the judgment must be declaratory and prohibitory, adjudging that the deed of the sheriff to the defendant constitutes a cloud upon his title, and enjoining the defendant from asserting any claim to the premises under it. In the other case, if the defendant establishes his averments, the judgment must be for the possession of the premises and the rent and profits.
In the federal courts such a blending of equitable and legal causes of action in one suit is not permissible under the Process Act of 1792, substantially reenacted in the Revised Statutes, which declares that in suits in equity, in the circuit and district courts of the United States, the forms and modes of proceeding shall be according to the principles, rules, and usages which belong to courts of equity. 1 Stat. 276, sec. 2; Rev.Stat., sec. 913. This requirement has always been held obligatory upon parties and the court whenever the question has been raised. Thompson v. Railroad Companies, 6 Wall. 134. A party who claims a legal title must, therefore, proceed at law; and a party whose title or claim is an equitable one must follow the forms and rules of equity proceedings as prescribed by this court under the authority of the Act of Aug. 23, 1842. 5 Stat. 518, sec. 6. The case of Hornbuckle v. Toombs, reported in the 18th of Wallace, does not conflict with this view; it only decides that the Process Act of 1792 does not extend to proceedings in the courts of the several territories, which may be regulated by their respective legislatures.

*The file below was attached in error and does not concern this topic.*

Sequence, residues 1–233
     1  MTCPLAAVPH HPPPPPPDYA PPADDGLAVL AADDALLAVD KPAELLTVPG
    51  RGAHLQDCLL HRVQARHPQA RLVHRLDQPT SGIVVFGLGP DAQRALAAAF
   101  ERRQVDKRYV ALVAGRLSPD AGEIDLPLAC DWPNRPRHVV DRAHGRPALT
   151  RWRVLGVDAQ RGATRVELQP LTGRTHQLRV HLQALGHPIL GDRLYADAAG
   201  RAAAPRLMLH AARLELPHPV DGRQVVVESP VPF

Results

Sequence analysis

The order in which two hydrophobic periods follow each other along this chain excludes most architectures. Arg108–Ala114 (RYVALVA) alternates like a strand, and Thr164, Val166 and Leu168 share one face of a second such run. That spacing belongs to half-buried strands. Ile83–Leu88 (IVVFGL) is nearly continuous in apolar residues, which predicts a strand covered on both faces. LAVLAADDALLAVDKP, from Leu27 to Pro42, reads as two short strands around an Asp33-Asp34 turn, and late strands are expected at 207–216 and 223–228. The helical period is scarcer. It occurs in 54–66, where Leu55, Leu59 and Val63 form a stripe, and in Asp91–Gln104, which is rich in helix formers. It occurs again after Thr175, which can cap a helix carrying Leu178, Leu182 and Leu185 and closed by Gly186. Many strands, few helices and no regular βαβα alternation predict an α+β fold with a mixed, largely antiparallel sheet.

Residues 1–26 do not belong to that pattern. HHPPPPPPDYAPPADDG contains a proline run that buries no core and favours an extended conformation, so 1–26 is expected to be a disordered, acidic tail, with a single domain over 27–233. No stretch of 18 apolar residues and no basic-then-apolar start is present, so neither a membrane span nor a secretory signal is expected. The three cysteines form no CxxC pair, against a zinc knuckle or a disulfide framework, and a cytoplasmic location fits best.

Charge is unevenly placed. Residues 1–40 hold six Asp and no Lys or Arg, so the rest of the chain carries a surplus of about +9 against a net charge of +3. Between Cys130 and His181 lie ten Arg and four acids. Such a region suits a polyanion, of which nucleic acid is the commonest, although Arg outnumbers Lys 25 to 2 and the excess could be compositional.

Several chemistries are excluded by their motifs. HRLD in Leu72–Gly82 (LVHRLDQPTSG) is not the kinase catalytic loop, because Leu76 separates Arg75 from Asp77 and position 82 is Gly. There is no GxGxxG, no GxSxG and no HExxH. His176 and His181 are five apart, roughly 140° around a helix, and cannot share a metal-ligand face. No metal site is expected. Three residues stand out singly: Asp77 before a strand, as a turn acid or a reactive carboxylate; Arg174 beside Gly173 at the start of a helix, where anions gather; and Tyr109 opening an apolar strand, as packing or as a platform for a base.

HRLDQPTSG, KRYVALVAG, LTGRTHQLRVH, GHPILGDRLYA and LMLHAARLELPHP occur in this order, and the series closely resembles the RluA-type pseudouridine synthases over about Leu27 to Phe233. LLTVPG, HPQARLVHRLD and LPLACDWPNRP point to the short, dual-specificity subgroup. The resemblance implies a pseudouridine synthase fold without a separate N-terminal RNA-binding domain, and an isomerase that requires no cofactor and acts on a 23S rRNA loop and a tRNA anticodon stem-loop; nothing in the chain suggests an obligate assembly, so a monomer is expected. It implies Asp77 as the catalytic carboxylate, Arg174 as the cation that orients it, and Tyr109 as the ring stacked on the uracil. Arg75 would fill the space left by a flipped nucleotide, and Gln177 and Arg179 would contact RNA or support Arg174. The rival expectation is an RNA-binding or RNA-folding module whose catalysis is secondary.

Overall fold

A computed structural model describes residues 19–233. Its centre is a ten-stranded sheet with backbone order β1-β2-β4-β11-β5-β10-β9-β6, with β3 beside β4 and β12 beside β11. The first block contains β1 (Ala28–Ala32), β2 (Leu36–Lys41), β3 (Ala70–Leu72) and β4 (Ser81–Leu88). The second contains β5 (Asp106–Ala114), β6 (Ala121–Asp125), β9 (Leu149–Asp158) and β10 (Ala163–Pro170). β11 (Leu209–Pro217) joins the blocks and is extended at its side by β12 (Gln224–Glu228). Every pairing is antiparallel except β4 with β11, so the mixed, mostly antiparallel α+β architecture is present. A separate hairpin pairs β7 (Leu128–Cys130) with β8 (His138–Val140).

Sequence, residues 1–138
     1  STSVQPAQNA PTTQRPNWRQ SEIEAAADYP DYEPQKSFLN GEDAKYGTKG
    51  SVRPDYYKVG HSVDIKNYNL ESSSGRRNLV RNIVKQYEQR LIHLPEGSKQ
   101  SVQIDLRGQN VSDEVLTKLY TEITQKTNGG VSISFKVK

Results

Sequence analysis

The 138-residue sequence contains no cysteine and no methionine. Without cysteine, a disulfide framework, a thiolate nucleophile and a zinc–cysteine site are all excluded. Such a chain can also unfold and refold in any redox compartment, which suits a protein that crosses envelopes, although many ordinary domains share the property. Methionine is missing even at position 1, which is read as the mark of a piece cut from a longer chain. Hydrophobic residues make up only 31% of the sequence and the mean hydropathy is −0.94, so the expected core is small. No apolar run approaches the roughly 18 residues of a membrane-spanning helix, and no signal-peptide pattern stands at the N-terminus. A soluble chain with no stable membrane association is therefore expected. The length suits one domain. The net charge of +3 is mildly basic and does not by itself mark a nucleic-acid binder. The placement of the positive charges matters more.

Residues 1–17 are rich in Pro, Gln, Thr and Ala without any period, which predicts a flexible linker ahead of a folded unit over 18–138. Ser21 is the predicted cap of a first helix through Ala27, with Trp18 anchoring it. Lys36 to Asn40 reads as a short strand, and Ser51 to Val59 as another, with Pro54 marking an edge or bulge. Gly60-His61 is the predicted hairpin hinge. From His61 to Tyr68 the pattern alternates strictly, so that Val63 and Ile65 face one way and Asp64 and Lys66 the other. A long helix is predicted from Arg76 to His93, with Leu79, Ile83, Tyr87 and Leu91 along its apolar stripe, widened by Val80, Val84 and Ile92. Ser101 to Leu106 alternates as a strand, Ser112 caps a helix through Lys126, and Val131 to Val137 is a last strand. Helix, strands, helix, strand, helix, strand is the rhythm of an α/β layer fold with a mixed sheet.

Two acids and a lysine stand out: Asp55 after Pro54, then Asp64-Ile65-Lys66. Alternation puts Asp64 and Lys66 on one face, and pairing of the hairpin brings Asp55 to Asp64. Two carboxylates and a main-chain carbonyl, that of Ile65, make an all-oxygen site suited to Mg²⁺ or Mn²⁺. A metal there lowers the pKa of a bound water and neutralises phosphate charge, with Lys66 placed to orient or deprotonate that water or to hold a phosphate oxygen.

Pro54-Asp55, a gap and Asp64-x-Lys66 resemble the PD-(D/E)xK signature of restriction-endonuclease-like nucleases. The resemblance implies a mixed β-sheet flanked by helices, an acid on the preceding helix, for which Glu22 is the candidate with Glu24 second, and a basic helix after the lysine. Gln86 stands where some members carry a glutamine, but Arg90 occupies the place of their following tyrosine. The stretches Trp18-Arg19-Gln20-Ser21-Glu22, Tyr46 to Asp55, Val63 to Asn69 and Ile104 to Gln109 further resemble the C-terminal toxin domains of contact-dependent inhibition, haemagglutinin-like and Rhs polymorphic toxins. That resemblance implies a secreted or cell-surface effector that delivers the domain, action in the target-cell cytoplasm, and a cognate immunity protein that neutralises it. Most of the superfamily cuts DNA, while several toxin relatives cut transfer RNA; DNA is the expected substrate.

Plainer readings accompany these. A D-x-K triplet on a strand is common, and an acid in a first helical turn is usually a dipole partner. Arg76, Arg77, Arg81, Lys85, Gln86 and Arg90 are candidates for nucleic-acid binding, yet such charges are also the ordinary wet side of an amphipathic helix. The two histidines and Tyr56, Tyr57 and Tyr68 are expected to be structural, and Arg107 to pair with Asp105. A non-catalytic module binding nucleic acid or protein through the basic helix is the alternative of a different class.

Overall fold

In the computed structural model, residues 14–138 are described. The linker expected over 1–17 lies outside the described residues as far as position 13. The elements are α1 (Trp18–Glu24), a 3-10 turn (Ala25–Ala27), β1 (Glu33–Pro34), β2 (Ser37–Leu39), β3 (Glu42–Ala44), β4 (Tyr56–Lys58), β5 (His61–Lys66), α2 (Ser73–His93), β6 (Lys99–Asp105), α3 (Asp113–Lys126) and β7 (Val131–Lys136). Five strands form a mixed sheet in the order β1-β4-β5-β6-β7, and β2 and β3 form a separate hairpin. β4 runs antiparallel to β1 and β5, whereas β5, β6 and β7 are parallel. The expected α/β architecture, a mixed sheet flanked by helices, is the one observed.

In this case there is nothing in the answer of the defendant which would render it good as a cross-bill, even had it been drawn in due form and filed as such bill by leave of the court, for it seeks legal and not equitable relief. Story, Eq.Pl., sec. 398.
We are of opinion, therefore, that the court below should have granted the motions of the plaintiff. So long as the Process Act, respecting the modes and forms of procedure in equity cases, remains in force, parties have a right to insist that its provisions, however variant from the practice of the state courts, or open to objection, shall be followed, and should be permitted to recede from a stipulation waiving them, improvidently